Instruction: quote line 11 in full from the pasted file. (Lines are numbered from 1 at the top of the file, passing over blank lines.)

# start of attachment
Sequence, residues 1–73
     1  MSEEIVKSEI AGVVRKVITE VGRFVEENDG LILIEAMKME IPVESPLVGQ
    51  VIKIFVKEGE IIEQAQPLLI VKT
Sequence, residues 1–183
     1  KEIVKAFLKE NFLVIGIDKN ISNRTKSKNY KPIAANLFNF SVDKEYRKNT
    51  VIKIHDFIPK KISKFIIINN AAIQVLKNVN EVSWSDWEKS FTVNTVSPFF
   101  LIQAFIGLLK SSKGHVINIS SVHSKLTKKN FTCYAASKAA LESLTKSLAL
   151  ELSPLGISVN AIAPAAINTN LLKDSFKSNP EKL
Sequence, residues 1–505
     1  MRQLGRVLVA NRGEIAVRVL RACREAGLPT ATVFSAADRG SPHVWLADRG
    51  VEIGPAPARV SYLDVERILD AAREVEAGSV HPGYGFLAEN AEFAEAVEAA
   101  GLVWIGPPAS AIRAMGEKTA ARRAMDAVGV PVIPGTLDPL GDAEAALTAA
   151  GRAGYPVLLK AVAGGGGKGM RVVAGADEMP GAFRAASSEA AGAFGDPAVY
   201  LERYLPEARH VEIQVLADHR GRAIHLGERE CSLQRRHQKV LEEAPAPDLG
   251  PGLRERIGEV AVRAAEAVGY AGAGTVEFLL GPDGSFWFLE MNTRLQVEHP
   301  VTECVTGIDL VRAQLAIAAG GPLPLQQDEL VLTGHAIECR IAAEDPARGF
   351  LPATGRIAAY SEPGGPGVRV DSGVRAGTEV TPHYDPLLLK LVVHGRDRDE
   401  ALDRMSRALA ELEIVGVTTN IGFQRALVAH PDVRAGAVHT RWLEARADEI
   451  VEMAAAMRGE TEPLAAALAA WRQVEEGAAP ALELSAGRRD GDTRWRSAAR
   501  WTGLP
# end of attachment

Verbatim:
    51  VEIGPAPARV SYLDVERILD AAREVEAGSV HPGYGFLAEN AEFAEAVEAA